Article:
"Make no little plans. They have no magic to stir men's blood and probably will not themselves be realized."
It was famed Chicago-based architect Daniel Burnham who said those words, and it's a quote many Chicagoans know and love. History is full of memorable sentiments like this one, spoken and written by authors and musicians, business magnates and celebrities. The Internet is a great place to find favorites, old and new. We've all come across that Twitter feed comprised of nothing but one famous quote after the next...and been surprised by its number of followers. The fact is that people respond to bite-sized content. Quotes are neat and to the point, perfect for sharing online.
Digital publishers know this well, but until recently there wasn't much emphasis placed on making quotes from online articles and stories easy to tweet or post to a blog. Not so anymore. Last week The New York Times began testing a new feature that will allow readers to share on Twitter specific quotations and sentences from within the body of a story. With a single click on the highlighted text, the snippet becomes a tweet complete with a link to the article in full.
The Times isn't the first publication to explore the idea of letting consumers play with quotes as content. Digital news outlet Quartz, owned by Atlantic Media Co., recently launched a feature that lets readers annotate parts of articles and places their comments in the margin next to the quote or paragraph to which it applies. Publishing platform Medium, created last year by the founders of Twitter, does something similar by allowing readers to log in through Twitter and reply to bits and pieces of its stories. For now (the site is still in beta) comments are only visible to the author, but he or she can choose to make them public.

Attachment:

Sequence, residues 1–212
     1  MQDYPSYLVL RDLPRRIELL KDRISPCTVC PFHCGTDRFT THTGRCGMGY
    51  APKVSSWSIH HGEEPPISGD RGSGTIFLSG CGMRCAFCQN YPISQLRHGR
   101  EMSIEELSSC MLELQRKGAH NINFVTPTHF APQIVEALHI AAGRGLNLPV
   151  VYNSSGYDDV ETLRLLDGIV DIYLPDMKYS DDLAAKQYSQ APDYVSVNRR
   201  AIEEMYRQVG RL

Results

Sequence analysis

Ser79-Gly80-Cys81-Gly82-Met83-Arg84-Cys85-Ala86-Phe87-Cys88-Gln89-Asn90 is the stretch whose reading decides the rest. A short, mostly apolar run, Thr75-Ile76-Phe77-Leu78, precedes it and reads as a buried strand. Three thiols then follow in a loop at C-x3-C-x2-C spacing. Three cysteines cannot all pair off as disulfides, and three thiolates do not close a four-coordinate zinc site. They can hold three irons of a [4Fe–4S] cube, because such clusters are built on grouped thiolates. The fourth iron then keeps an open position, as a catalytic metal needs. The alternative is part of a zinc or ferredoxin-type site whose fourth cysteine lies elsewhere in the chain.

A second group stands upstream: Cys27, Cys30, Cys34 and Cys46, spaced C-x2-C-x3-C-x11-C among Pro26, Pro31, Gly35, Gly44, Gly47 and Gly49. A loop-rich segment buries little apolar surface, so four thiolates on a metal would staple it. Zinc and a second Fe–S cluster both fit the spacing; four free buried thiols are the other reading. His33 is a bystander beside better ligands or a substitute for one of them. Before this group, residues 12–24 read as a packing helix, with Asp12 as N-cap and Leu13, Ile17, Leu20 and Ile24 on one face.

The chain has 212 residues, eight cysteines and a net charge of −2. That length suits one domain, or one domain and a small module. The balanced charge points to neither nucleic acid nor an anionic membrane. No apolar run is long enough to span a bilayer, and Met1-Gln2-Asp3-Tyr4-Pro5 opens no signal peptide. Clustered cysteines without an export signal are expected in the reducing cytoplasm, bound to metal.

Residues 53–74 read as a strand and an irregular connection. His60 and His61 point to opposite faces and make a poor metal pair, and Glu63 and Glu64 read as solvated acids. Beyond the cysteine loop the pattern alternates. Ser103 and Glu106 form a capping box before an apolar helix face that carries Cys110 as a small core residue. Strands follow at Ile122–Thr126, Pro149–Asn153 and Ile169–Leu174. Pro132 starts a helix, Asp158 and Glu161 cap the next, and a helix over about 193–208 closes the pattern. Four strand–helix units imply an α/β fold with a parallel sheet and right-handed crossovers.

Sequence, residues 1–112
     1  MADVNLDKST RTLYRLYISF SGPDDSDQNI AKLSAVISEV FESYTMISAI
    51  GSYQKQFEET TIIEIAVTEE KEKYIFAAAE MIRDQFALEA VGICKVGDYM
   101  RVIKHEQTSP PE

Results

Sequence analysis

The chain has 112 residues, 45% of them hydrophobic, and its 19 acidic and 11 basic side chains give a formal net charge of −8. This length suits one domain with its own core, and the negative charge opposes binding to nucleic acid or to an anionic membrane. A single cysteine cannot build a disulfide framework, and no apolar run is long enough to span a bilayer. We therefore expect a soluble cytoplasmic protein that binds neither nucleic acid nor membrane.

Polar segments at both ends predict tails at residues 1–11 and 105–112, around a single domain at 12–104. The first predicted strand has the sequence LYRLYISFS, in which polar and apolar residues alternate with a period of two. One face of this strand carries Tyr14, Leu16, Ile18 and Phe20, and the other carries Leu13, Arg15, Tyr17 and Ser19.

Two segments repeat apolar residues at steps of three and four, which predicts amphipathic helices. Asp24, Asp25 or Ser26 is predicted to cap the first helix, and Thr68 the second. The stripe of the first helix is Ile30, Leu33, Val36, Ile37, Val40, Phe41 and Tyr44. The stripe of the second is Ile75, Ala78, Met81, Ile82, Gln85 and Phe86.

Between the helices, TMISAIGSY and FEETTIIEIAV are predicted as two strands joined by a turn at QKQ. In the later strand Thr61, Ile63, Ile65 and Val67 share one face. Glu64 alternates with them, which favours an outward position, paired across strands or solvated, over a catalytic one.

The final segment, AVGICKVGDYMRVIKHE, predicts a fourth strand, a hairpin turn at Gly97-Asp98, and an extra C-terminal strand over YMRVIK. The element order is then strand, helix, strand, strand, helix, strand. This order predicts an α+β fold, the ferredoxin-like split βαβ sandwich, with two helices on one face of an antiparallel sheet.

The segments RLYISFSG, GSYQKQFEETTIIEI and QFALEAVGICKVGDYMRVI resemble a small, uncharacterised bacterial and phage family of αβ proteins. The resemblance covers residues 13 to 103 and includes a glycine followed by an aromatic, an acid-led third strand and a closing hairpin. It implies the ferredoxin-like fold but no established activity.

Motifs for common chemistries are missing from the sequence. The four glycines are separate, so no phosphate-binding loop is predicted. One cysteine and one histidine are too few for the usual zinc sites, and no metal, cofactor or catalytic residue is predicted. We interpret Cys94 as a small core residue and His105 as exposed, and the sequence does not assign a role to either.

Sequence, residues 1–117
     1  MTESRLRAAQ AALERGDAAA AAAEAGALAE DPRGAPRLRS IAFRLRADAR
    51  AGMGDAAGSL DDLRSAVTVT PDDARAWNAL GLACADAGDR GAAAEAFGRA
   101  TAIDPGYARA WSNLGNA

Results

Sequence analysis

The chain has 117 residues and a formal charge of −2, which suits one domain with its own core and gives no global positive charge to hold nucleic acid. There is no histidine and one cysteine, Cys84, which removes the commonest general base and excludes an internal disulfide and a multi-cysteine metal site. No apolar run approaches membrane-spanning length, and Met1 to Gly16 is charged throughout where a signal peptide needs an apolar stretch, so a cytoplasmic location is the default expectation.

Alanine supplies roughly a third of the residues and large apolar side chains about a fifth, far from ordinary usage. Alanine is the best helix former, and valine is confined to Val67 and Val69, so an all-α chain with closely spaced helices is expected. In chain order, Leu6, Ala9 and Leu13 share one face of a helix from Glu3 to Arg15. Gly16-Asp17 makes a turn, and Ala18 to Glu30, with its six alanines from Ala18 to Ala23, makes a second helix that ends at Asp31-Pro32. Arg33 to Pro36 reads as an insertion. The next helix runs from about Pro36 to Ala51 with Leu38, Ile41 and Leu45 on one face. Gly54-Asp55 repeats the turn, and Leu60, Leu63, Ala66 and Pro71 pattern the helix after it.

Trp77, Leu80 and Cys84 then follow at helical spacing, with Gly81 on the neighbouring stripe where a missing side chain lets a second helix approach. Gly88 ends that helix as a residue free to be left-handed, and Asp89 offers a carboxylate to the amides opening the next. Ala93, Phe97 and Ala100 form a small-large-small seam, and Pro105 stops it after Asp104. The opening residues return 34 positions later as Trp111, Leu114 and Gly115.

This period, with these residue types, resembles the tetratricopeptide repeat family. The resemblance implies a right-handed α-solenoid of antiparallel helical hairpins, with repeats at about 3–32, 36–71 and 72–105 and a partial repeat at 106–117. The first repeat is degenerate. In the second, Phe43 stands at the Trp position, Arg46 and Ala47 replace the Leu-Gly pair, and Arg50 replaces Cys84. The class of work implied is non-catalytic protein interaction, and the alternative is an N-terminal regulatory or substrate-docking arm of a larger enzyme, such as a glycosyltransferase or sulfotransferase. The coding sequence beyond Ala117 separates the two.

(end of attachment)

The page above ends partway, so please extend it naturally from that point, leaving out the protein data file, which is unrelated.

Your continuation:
There's also Tumblr, which has a quotation feature in its online share tool that lets users create a blog post from any quote. Just highlight the desired quote within the article, and click the Share on Tumblr button. Tumblr will automatically credit and link to the online source.
If being perceived as a resource for interesting content is among your social media goals, or you just enjoy sharing good stuff with friends, curate quotes online. There's no shortage of succinct remarks worthy of knowing. And you can quote me on that.